In my opinion, one of the biggest developments for indie authors in 2017 was the subtle change of fortunes for unscrupulous service providers. Vanity presses that prey on indie authors saw dramatic losses in 2017. Author Solutions, notorious for its unsavory practices, has now lost many of its key partnerships. Tate Publishing imploded in spectacular fashion as its founder was arrested on charges of embezzlement and extortion. Fewer authors are being duped into exploitative contracts, and as the industry matures, many of the largest predators are being starved to extinction. That's great news for indie authors, and I hope to see that trend continue in the coming years.

Michael LaRonn, Author Advocate and ALLi Podcast Host

2017 was an eventful year, and there were two events that stood out to me. The first is the (disappointing) net neutrality decision in the United States. I hope other countries don’t follow suit in this unfortunate change in direction of the Internet. I fear that a lack of net neutrality will create unexpected long-term issues for indie authors down the road that we honestly can’t begin to fathom right now, particularly with discoverability and marketing.

The second (and more optimistic) is the news coverage that Bitcoin and cryptocurrencies have been receiving this year. It seems that we may soon be upon a watershed moment, one that’s going to create new income streams and business opportunities for authors. We’re in the infancy of what this technology will bring, and that’s exciting!

Debbie Young, ALLi Commissioning Editor

To me 2017 felt like the Year of the Course, with a sudden surge of new courses aimed at indie authors at every level, from beginner seeking to find a way through the maze to seasoned self-publisher looking to raise their game. While throughout the year there was, as ever, a train of promotional bandwagons to jump on, such as Facebook advertising, AMS ads, Instafreebie, there seemed to be a growing awareness among seasoned self-publishers that, although such things could work very well in certain circumstances, there were no guarantees – and these supposed solutions were often much more complex to execute successfully than they looked at first glance.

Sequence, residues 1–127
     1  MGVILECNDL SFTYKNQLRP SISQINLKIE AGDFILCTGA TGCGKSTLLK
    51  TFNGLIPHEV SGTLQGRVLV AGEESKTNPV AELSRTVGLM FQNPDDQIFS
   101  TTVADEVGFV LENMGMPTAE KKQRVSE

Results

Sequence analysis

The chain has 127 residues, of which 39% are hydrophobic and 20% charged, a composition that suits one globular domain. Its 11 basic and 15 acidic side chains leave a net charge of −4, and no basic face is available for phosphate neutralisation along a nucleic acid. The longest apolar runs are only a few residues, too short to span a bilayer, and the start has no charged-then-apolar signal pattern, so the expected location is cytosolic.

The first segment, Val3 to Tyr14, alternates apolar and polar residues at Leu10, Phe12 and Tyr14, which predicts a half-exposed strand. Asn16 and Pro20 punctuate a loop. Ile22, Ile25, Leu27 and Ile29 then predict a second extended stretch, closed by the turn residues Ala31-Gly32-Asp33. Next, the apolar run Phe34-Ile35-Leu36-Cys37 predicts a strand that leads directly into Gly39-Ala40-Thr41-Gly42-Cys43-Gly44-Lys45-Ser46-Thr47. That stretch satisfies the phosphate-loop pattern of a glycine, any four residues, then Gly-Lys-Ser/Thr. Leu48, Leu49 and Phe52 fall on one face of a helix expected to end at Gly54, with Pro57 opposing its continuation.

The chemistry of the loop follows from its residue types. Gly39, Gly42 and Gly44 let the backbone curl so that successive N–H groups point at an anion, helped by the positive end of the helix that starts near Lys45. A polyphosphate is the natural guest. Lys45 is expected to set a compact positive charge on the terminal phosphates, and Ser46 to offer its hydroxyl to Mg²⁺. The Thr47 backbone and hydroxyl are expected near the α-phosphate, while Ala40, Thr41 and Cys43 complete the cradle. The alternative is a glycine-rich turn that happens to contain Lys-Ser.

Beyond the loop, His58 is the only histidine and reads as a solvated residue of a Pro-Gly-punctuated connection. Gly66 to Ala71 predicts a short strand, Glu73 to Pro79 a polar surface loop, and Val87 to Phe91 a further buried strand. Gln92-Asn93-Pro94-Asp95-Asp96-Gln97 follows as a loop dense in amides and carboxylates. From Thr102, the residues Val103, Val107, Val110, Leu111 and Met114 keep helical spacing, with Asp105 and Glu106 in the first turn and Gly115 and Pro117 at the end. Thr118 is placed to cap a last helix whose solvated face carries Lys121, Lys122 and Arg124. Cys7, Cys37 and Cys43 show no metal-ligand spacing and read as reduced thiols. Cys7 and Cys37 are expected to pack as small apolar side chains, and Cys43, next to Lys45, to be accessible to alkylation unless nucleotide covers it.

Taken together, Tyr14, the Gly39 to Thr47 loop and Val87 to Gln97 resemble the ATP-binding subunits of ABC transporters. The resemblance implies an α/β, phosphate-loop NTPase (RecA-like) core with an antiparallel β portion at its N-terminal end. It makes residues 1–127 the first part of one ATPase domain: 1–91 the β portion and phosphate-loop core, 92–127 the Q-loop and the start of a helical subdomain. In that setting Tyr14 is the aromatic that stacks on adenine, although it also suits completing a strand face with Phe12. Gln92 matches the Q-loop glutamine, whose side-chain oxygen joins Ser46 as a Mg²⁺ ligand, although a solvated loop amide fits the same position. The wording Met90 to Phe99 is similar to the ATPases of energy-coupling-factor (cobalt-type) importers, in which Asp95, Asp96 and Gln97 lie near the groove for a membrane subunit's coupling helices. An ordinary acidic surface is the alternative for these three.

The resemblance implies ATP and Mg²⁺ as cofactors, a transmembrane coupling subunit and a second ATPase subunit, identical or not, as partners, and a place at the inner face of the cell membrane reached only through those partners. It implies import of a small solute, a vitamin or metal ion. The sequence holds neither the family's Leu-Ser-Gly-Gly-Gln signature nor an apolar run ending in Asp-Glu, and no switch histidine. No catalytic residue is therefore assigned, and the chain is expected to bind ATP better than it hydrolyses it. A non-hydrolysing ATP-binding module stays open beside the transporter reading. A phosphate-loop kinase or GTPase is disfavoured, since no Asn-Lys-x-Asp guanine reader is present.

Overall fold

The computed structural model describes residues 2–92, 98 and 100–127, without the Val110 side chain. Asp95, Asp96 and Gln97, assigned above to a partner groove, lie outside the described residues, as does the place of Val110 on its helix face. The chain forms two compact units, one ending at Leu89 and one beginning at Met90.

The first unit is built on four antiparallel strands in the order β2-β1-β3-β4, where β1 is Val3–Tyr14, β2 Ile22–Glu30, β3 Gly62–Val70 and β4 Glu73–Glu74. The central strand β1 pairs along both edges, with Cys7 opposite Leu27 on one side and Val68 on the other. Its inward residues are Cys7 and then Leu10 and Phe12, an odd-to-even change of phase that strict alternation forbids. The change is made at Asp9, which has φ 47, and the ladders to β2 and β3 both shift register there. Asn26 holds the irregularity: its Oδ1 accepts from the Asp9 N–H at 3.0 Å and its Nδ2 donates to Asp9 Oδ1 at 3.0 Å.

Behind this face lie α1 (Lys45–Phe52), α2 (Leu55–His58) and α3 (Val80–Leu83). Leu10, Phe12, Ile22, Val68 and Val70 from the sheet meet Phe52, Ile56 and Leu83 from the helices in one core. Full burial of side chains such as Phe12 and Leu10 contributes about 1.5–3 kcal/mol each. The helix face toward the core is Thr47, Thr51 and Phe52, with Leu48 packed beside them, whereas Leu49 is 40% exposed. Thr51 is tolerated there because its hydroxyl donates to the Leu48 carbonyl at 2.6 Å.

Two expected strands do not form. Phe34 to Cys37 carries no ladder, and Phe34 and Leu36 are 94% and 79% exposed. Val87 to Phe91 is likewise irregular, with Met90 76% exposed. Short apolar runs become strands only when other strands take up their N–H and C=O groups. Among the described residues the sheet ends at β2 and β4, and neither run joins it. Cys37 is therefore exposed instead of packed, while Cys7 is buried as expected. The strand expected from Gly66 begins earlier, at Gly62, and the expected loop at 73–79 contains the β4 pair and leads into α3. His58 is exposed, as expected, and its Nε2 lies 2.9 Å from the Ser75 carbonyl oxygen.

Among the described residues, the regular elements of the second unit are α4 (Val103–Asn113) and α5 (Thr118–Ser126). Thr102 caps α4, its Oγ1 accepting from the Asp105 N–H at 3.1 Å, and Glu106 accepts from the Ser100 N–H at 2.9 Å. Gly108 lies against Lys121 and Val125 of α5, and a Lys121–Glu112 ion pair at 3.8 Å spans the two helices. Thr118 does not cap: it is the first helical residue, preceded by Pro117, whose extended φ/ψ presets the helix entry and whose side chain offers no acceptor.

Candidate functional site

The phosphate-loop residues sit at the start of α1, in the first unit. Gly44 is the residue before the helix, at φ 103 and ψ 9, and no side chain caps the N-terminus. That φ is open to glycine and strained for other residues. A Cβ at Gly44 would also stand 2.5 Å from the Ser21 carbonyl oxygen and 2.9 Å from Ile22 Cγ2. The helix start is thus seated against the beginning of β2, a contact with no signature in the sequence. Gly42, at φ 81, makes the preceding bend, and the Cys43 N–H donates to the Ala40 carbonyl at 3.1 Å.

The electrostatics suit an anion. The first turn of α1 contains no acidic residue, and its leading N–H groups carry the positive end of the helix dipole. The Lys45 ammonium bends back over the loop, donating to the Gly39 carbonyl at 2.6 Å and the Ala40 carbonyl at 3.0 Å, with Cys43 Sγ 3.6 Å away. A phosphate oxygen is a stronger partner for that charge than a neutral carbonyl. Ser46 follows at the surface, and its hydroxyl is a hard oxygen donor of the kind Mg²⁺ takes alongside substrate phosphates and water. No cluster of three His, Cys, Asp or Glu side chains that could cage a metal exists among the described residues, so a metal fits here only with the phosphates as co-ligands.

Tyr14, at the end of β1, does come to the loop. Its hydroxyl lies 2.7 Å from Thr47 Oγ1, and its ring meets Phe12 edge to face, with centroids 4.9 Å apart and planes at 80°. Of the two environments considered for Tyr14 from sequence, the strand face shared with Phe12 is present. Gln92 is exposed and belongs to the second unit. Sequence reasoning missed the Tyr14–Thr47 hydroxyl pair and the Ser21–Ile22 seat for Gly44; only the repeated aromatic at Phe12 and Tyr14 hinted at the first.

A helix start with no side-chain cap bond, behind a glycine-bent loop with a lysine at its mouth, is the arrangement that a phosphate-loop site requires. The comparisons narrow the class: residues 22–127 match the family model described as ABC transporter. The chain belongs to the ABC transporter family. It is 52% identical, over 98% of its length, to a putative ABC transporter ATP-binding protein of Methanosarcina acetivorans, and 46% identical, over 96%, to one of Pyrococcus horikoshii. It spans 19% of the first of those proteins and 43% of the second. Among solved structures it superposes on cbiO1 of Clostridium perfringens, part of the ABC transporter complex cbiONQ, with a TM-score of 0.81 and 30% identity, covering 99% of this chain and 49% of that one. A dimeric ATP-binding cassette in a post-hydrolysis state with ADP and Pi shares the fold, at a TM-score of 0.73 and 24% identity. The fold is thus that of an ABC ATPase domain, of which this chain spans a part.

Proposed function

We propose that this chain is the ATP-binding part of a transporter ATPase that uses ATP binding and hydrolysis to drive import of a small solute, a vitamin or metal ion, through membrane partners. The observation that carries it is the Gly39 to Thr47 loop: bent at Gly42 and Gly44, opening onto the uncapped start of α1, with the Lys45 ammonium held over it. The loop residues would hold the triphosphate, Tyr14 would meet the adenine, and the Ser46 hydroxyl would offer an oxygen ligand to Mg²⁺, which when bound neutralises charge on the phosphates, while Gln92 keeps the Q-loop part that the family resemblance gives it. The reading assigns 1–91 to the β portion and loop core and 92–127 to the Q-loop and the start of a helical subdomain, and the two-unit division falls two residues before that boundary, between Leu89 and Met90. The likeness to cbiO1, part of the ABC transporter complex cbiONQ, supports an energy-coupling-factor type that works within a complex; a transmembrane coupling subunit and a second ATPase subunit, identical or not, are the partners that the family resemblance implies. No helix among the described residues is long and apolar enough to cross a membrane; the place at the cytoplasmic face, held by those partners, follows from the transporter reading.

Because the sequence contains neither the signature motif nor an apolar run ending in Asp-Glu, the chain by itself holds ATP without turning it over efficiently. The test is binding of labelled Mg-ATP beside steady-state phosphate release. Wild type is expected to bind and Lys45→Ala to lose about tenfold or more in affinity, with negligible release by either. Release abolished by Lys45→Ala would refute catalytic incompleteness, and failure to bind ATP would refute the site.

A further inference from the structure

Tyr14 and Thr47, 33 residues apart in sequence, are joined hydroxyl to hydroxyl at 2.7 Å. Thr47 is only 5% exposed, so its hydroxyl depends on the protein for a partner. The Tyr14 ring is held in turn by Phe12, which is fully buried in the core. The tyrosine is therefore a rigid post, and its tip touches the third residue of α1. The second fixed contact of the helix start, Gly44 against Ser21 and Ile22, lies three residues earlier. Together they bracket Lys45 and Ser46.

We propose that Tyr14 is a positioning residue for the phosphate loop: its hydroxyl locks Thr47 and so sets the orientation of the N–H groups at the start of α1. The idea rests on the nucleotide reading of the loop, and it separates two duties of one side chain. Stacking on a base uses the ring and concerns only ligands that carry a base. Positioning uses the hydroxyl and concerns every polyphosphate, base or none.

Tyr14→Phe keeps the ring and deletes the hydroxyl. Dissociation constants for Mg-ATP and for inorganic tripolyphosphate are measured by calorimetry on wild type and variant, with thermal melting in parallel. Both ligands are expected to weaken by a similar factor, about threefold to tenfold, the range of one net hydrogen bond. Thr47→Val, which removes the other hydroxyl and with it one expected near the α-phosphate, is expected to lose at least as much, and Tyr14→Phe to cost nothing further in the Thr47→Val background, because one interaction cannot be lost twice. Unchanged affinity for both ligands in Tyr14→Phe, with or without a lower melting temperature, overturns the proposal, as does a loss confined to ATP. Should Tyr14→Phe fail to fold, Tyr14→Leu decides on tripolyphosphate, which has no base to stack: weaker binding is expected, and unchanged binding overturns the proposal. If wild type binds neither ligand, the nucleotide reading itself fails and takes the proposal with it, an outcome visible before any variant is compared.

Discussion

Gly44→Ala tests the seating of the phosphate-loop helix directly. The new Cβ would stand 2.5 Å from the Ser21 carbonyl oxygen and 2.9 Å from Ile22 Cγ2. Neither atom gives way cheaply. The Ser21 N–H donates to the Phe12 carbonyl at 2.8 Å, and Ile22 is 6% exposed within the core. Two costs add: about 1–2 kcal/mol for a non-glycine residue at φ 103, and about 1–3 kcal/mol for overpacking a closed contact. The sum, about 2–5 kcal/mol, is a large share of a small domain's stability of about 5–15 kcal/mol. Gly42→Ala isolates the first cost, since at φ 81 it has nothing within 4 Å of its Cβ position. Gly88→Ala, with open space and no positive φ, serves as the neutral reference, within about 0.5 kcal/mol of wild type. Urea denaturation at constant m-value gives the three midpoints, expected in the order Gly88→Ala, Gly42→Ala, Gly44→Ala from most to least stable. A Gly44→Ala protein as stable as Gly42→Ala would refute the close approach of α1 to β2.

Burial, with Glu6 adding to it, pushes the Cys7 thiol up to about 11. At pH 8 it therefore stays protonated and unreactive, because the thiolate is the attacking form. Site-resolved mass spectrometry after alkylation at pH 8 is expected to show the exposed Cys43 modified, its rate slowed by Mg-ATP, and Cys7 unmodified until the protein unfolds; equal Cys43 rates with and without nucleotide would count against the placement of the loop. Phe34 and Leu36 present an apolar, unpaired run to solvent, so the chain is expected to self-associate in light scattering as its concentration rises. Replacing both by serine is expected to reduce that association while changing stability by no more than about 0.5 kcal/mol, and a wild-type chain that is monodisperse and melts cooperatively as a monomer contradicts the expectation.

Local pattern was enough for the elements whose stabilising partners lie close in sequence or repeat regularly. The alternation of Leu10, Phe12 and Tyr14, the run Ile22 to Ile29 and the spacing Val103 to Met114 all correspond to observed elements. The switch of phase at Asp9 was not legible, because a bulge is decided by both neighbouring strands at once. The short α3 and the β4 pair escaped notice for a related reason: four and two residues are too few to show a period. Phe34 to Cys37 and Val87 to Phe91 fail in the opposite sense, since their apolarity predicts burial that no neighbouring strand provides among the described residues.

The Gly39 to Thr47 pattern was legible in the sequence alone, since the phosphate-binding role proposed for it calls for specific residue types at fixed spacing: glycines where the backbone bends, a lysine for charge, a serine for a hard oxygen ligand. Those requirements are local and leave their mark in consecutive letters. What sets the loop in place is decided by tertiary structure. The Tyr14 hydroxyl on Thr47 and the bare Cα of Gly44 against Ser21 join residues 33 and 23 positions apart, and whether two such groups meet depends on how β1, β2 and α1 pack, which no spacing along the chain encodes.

We saw many horror stories of marketing budgets wasted with best intentions by people who rushed in full of hope but short on expertise. It has become clear that there are no quick fixes, no gold rush, no lottery-style successes from single services applied haphazardly.

The lure of a good course to help you improve your all-round authorpreneurial skill set is undeniably appealing. But buyer, beware: anyone can set up a course, just as anyone can write a book, and charge what they like for it, without any real understanding or experience of the topic addressed, so we shouldn't let ourselves be pressured into investing in a course without first checking its credentials. Finally, investing in a course is only the starting point – like antibiotics, you have to finish the course if you want it to do you any lasting good!

What about you? What do you think was the most significant thing that happened in the indie author space this year?

#ALLi founder/director @OrnaRoss analyzes state of #selfpub & the lot of indie #authors at close of 2017 Click To Tweet

Author: Orna Ross

Orna Ross is a bestselling and award-winning author of historical fiction and inspirational poetry, and a creativity facilitator. As founder-director of the Alliance of Independent Authors, she has been named one of The Bookseller’s Top 100 people in publishing. 


This Post Has 2 Comments
  1. Thank you for a comprehensive roundup of 2017 and for painting the world of indie publishing with the brush of reason (and also of hope). An indie author for the past 3 years, I have been beating myself up that all the hard work was going nowhere. With the January 2018 release of my third novel ‘Enemies within these Shores’ and a big rethink about my writing business (thanks in part to Self Publishing Advice), I have turned the corner and ‘settled’ into a more measured and realistic approach. I’m excited to be part of the groundswell of change in publishing and delighted that very small businesses are now positioned to take on big corporations and sell their products to the world.

  2. Great roundup of the ups and downs of 2017, Orna! Thank you.

    I did fairly well this year, with some new releases and new marketing strategies bolstering sagging sales. The lesson I definitely learned is that there is no easy way to maintain sales and what works for a while doesn’t work forever.